Over the past few weeks, Canada has been hit hard. Serious and unprecedented flooding has struck Calgary and Toronto, along with others from Fort McMurray to Kitchener-Waterloo. Petrochemical spills of nearly every kind have dumped crude, tailings and “sour gas”, culminating in last weekend’s horrific train-crash in Lac Magantic which levelled the centre of town and killed an estimated 50. As images and video roll in, showing a sunken Union Station and a burning Lac Magentic, virtually everybody I’ve seen or spoken to for days has been in a state of shock and awe.

How could this happen to us?

We all know, of course, how and why this is happening. Weather being the default subject for Canadian small-talk, it’s something that comes up in conversation with just about everyone I see, and for years aside from a very tiny fraction of deniers, there’s been an overwhelming consensus among everyone I’ve spoken to from all walks of life. “Yeah, we fucked it all up”, I hear over and over again, almost always followed, of course, with, “but what are we gonna do?”.

That’s a question we should probably answer sooner, rather than later.

Scientists have been warning for decades that climate change would bring about this kind of extreme weather. Other experts have been trying to warn about the dangers presented by oil development and infrastructure for at least as long. Similar disasters have been afflicting the Third World for years now, and even beginning to hit the shores of America. As frightening as this was, it was still largely academic – pictures came in from places we’d never heard of and could scarcely find on a map. Now that the places we’re seeing underwater are ones we know well and identify personally with, the threat becomes real in entirely new ways.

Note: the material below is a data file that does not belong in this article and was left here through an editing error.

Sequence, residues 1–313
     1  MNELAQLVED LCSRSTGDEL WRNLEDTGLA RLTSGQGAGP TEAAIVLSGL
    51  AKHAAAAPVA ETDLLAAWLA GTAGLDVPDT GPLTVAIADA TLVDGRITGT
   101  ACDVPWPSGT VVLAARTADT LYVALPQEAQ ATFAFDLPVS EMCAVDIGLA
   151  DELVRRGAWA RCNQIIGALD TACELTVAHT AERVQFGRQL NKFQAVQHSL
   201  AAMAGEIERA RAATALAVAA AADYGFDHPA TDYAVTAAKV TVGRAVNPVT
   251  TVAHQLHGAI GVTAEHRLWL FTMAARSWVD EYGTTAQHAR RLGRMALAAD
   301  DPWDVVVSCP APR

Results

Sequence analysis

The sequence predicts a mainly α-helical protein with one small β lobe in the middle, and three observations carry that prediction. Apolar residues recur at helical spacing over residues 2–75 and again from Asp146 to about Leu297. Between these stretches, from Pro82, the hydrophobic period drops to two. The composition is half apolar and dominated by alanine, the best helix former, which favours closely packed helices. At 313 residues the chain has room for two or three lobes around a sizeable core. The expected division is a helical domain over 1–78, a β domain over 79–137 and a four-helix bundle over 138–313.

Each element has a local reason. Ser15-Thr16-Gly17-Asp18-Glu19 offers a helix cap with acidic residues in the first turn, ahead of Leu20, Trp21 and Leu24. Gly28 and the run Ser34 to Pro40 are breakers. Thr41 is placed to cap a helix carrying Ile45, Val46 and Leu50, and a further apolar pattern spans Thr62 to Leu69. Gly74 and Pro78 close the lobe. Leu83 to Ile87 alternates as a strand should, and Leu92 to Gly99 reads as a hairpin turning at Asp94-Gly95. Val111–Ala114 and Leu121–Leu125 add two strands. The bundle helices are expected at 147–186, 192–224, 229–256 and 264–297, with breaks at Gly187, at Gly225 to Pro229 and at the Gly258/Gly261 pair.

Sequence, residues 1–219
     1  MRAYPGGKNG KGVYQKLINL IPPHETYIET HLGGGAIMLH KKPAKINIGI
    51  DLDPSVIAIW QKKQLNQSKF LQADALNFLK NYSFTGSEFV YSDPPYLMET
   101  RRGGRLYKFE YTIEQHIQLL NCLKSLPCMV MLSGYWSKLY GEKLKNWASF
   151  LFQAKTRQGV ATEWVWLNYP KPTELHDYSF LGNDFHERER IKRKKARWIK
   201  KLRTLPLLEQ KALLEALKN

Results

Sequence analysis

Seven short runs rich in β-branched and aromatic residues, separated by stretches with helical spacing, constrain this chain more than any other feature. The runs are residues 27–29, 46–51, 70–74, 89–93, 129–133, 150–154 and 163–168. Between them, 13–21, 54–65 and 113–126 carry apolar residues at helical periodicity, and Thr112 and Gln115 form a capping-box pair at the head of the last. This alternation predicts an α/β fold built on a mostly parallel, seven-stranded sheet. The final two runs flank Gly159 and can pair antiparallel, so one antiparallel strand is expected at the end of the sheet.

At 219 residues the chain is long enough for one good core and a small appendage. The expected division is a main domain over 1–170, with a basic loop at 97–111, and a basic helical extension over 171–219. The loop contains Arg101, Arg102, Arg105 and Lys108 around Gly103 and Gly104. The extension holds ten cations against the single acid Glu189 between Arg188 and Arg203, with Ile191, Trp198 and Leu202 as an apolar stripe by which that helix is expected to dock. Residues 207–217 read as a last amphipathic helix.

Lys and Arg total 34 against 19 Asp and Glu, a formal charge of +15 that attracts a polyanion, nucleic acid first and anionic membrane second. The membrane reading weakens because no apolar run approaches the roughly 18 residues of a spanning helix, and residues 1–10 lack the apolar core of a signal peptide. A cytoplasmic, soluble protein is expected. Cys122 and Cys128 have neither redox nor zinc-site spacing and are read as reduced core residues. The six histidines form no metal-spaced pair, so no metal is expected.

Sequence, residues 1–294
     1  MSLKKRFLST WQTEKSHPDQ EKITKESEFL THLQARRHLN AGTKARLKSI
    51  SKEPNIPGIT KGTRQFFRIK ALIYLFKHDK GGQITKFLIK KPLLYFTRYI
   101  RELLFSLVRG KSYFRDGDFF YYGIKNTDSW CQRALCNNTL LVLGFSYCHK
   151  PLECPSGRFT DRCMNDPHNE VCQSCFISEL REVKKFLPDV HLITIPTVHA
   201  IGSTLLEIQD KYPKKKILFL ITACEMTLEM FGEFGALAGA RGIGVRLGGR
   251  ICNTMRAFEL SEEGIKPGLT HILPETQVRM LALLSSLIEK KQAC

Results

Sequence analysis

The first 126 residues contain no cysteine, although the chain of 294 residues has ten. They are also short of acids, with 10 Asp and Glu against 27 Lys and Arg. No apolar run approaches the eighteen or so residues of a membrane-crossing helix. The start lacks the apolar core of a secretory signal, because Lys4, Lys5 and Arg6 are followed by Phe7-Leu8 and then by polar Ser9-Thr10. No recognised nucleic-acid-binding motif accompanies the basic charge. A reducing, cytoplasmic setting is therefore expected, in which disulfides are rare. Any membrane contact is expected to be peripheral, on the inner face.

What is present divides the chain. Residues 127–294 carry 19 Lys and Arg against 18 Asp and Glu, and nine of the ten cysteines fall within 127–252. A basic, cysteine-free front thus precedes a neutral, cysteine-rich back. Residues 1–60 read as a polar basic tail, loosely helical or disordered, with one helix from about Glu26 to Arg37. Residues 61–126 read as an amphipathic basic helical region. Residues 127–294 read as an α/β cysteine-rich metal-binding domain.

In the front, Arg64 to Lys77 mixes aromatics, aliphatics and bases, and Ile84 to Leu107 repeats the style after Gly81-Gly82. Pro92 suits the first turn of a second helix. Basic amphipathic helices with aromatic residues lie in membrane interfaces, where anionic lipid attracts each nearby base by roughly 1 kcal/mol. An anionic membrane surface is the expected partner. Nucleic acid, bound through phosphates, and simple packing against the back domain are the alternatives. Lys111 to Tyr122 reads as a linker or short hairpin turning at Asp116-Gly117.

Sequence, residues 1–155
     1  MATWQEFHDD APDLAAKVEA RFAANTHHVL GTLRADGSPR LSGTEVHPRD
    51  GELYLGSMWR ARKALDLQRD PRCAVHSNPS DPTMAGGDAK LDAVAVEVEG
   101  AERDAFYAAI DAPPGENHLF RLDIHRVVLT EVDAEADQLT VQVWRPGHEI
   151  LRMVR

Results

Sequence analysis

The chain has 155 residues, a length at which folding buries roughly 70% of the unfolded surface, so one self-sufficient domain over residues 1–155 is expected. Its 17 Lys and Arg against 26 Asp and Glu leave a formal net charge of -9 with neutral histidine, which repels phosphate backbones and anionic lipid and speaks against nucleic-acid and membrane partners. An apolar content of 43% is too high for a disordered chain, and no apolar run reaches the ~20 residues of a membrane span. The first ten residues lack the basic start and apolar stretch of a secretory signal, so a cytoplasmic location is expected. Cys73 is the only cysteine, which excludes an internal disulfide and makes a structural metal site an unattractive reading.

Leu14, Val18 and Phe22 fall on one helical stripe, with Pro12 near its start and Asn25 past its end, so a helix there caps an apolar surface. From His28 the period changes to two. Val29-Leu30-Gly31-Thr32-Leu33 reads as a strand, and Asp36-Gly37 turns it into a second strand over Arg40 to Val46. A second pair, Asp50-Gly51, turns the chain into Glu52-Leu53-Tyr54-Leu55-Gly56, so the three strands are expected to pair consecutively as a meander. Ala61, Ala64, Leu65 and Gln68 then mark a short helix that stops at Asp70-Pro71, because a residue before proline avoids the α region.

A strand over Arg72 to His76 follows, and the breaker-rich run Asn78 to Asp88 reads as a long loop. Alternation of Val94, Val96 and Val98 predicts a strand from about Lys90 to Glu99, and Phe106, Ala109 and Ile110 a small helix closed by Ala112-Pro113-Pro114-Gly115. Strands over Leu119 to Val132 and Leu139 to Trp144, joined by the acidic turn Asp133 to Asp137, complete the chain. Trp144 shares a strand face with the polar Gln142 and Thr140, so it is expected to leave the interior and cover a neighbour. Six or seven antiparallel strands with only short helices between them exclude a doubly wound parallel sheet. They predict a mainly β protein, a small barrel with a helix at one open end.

How would we be responding, I wonder, if this devastation had been wrought by dark-skinned foreigners who spoke a different language and worshipped a different god? If “extremists” blew up a few dams to let loose floodwaters, or snuck a “suitcase nuke” into a small town? On a global scale, “environmental refugees” already outnumber those displaced by war, and with a growing number of super-storms, droughts, heat-waves, freezes, crop-failures, wildfires and floods, the damage being done is already well beyond anything Al Qaeda could manage.

For now, this anger is muted, but that won’t last forever. People are losing homes, farms and communities, and as the damage starts to pile up, resentment will begin to build. Just as it took a couple of years of widespread layoffs and foreclosures before mass political action started to take hold of public spaces, I suspect it will take more time and suffering before people start to get really angry. Once that happens, though, it won’t take much to spark a reaction. When people see the fortunes made by oil company executives in relation to their shattered lives, they’ll draw the obvious connections and begin to see this theft for what it really is.

This crisis isn’t hypothetical any more. It’s happening, and it’s only going to get worse. It can no longer be spoken about only as separate “climate”, “energy” or “financial” crises, but as a converging set of consequences. As conventional oil supplies dwindle we’ll continue to see rising fuel costs, economic slowdowns and risky new drilling technologies. The current rush toward tar sands and fracking development is a clear result of both desperation to revive ailing industrial economies and the growing shortage of conventional crude. These new sources of oil, in turn, emit far more carbon and present a significantly increased risk of accidents and disasters. All of this is connected and there aren’t going to be any simple solutions.

How will people react, I wonder, when the first major North American city has to be abandoned for good? Rolling Stone recently published a convincing argument that Miami can’t survive rising sea levels, no matter how many walls it builds. What about farming communities, fisheries and areas dependent on forests? How will we react when one of these floods strikes before people are able to evacuate? When scientists start to agree that we’ve passed “the tipping point”?